In December 2012, UMB Bank tapped Bill Watson to head up a new division for the bank, focused on building and expanding upon an agriculture portfolio that consisted mainly of deals done in Kansas and Missouri.
Watson, 65, has done a lot of things in his career, including serving as president and CEO of the former Union National Bank, the city’s third-largest bank until it was acquired in 1995 by Commerce Bank.
But he said he’s never built something out of nothing.
“And I’m having a lot of fun,” Watson said.
Since creating UMB’s agribusiness division, Watson has built a Wichita-based team comprising five bankers who work out of a leased office at 155 N. Market. Watson said he plans to add at least three more bankers this year who will be based in Colorado, Texas and St. Louis.
“We’re just 18 months old,” he said. “So we’ve been trying to grow gradually and recruit people in markets as we go.”
Agriculture is also a personal interest for Watson, who farms 30 acres near Wichita and who made his first ag loan as an Indiana banker in the 1970s.
Probably the first thing is it’s a great opportunity for me to start a new division of the bank from the ground up. The bank’s been in agriculture for 100 years, but a lot of that was concentrated in Kansas and Missouri. I like to think this is the golden age of agriculture. There’s an enormous amount going on, and I really like the complexity of agriculture right now. So, you put it all together, and we’re working in about 10 states on an active basis right now. All in all it’s a pretty exciting thing.
Our growth has really exceeded our plans. The American Bankers Association has now put us in the Top 50 ag banks in America. And the FDIC (Federal Deposit Insurance Corp.) reports had us as 49th largest ag bank. In their last report, they had us at 44th. We’ve booked over $100 million in new loans in 18 months.
The road is where the business is so that’s where you’ve got to go.
Again, we’re in a golden age of agriculture. Commodity prices have been high for awhile and they remain high from a historical perspective. … The flip side of that – input costs – have also gone up dramatically and won’t necessarily come down. So that’s a challenge. Another big thing going on in ag is land prices. We’ve seen land prices do everything from increase maybe 10 to 15 percent in last 10 years, to land prices triple in places like Iowa, Illinois and Nebraska. One of the first challenges I noted was international competition. They’re certainly having much more of a direct impact on American agriculture … more and more world agriculture is impacting on us. In the fall, we had a pretty darn good looking wheat crop. We were going along and had pretty low wheat prices .. and then all of a sudden the Ukraine (a major wheat-producing nation) blows up. And … because of international events, wheat prices start to go up. Issues of demand in China or India is one of the big underpinnings on commodity prices. And there are literally hundreds of millions of people on the other side of the Pacific who are eating animal protein once or twice a week. And their parents were eating it once or twice a year. So there is a sustaining, major social shift that is putting pressure on grain prices. That’s … both an opportunity and a challenge.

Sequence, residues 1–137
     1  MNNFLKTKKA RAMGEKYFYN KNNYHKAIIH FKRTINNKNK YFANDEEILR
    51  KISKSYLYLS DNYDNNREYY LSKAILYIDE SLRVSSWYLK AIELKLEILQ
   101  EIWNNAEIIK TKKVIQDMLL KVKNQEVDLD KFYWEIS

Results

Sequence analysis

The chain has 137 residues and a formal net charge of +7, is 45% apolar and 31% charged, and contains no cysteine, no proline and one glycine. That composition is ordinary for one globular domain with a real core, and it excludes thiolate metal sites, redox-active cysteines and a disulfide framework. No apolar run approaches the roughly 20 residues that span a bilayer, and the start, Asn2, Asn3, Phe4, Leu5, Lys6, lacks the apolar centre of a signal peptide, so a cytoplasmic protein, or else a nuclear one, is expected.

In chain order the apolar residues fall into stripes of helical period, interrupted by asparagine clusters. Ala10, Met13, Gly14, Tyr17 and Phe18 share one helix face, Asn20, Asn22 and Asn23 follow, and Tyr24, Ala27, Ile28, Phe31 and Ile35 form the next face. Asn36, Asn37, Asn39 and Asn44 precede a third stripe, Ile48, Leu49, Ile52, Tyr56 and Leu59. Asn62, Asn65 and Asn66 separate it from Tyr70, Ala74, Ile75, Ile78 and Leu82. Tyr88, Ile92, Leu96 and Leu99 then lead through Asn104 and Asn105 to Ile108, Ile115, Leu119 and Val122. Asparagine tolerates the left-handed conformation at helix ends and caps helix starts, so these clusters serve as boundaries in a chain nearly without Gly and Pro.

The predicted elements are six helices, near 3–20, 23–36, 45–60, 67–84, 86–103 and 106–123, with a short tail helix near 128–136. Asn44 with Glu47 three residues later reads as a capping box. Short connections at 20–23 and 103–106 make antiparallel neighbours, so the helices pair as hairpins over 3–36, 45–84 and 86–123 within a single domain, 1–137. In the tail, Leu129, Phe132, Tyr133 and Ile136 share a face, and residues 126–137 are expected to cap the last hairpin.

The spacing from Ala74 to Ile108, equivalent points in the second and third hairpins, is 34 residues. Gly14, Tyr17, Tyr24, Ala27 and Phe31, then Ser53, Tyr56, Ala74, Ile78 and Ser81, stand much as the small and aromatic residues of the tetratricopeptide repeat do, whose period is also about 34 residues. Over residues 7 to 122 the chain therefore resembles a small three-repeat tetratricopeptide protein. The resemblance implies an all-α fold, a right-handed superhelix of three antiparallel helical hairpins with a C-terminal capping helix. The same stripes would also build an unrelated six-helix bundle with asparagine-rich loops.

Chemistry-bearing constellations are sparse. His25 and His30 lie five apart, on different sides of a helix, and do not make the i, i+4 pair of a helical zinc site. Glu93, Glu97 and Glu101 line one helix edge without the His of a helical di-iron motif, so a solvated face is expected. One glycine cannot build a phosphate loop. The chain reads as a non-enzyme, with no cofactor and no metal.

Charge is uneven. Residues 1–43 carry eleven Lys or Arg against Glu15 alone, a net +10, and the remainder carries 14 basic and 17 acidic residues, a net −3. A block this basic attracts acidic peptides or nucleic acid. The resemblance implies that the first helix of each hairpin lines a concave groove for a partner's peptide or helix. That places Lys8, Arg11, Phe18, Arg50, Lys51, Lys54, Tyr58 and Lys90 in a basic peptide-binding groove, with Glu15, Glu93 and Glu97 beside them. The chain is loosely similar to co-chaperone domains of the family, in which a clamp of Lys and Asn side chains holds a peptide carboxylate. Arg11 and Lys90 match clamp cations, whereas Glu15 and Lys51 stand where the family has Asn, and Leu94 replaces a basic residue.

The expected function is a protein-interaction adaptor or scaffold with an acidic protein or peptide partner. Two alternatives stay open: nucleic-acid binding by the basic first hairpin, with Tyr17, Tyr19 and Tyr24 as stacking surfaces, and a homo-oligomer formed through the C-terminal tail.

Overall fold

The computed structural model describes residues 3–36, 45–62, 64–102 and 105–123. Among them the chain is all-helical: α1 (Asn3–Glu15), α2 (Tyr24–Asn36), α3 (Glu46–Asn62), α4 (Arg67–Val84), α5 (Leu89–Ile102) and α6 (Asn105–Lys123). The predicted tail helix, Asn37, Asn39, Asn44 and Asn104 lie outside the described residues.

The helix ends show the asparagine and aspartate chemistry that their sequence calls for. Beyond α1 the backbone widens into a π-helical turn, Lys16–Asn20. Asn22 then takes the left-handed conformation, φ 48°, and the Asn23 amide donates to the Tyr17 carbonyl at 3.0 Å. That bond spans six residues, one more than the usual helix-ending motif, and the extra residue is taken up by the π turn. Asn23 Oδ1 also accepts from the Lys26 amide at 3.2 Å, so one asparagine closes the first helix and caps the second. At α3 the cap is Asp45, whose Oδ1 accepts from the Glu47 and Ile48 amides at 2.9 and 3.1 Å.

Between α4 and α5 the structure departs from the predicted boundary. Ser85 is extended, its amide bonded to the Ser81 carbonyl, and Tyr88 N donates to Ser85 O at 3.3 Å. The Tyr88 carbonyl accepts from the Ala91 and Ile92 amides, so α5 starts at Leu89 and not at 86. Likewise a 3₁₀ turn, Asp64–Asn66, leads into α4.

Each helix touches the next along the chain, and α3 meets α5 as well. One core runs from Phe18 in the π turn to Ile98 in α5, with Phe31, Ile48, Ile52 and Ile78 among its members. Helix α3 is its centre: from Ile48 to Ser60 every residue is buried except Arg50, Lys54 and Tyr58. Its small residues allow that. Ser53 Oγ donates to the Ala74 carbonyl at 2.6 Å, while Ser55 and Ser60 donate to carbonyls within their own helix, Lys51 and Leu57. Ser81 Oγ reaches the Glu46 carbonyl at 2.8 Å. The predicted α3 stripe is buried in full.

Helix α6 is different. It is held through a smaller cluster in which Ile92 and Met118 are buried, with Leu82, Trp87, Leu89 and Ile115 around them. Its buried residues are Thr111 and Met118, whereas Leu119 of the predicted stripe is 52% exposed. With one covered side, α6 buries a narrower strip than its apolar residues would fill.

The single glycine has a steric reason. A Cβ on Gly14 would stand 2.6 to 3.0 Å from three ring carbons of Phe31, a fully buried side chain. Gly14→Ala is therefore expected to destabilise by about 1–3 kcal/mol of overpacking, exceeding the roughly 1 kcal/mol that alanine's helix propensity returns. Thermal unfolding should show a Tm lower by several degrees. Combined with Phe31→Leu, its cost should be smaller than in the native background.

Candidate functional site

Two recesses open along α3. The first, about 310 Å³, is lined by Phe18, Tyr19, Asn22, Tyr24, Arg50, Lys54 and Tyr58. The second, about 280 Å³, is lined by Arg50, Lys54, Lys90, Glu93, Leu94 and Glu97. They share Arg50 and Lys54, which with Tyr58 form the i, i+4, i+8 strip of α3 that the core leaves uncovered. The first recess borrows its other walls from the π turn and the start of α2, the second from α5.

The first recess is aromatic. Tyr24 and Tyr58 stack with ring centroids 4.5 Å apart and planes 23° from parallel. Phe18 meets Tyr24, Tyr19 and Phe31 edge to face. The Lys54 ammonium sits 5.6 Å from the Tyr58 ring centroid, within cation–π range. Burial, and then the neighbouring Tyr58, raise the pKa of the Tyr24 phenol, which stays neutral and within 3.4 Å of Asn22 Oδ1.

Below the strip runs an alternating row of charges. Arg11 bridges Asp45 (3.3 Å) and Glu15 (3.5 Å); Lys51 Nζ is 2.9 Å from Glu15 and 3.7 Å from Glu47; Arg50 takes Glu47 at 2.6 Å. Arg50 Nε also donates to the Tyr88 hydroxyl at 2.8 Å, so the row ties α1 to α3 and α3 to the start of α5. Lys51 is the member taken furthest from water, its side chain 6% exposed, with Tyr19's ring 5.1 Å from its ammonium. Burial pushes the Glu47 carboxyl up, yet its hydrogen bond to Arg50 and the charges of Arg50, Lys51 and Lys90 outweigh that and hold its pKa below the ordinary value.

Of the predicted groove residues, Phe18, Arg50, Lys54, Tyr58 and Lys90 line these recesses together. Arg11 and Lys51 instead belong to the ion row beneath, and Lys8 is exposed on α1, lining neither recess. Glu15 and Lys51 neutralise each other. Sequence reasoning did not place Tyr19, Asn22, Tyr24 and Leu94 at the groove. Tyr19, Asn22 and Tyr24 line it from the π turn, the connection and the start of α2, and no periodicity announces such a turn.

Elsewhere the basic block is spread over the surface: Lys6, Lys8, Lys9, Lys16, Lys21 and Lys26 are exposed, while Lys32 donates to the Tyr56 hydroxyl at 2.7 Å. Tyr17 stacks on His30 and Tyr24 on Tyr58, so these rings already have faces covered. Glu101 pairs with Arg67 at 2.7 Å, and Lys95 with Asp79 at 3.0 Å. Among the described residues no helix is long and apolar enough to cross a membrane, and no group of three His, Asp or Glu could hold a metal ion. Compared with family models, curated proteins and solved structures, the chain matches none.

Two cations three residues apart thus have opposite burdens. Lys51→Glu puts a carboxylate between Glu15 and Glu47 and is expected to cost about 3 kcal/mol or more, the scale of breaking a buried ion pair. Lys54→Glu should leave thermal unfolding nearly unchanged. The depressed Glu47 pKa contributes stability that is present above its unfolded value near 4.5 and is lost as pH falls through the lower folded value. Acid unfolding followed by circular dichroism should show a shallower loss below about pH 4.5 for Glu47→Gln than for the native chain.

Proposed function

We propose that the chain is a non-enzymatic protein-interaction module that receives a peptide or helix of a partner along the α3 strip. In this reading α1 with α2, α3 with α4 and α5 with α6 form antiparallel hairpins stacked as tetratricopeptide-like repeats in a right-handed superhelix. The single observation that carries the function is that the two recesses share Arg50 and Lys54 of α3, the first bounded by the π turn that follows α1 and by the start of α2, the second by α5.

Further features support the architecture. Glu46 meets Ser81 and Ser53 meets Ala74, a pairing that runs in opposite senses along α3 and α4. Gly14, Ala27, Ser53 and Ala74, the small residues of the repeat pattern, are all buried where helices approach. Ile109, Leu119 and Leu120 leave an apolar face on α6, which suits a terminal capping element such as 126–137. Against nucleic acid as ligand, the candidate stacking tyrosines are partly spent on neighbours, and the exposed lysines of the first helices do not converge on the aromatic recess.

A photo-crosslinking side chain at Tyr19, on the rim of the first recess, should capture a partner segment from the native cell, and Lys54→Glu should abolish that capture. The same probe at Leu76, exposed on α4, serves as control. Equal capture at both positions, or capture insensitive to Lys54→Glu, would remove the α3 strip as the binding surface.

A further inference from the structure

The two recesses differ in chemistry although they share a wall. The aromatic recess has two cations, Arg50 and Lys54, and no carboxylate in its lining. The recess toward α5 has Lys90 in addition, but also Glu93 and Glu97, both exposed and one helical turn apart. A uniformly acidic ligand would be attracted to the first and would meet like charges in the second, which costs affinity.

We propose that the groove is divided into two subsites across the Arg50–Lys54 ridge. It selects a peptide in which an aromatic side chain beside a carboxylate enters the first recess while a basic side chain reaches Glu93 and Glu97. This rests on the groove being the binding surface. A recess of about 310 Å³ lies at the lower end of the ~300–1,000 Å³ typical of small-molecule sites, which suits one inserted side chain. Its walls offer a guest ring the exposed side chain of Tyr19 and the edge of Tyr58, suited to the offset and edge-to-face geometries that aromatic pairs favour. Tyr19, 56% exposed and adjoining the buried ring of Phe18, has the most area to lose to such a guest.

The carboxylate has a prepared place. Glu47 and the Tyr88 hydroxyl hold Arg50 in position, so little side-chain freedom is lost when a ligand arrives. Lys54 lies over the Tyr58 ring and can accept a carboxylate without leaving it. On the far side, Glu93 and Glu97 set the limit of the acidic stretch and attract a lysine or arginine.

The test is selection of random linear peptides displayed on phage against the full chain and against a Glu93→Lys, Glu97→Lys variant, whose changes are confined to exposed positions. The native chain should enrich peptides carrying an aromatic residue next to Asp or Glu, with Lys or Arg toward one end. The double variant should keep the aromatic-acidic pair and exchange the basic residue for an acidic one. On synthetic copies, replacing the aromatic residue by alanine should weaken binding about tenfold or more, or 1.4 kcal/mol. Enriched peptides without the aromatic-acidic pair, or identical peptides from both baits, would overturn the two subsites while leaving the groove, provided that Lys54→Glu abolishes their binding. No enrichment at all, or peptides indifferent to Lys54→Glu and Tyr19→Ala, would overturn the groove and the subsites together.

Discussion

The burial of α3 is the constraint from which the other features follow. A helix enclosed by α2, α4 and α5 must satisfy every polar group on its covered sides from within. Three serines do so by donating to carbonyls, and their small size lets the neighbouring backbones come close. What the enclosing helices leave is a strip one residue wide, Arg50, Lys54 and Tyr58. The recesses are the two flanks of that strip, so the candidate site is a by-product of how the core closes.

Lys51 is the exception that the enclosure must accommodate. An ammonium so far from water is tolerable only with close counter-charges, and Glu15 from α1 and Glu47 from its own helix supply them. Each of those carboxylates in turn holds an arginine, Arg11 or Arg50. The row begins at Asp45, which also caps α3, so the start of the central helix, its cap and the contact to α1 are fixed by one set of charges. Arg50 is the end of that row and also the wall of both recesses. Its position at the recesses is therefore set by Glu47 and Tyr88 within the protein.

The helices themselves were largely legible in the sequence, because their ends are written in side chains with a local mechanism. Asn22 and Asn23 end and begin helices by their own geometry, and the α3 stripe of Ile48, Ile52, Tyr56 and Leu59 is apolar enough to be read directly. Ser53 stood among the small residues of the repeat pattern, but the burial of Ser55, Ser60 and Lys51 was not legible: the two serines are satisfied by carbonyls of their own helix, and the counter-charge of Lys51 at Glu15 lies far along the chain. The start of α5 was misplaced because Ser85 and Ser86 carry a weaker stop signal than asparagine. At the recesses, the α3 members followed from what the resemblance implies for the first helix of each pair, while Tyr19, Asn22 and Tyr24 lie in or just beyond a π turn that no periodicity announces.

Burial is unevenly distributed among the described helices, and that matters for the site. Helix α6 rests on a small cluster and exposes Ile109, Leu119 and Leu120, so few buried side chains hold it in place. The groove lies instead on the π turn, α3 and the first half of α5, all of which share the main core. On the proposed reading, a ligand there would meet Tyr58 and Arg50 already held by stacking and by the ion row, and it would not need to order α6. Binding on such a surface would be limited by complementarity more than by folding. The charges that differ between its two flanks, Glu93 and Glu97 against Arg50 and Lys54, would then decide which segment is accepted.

I think we’re going to have a very strong year. We have just an excellent pipeline, with new opportunities hitting almost every day. Another part of being a startup is building awareness. As that awareness builds, so does the pipeline and so do the opportunities out there. So I expect this to be a very, very good year for the agribusiness division.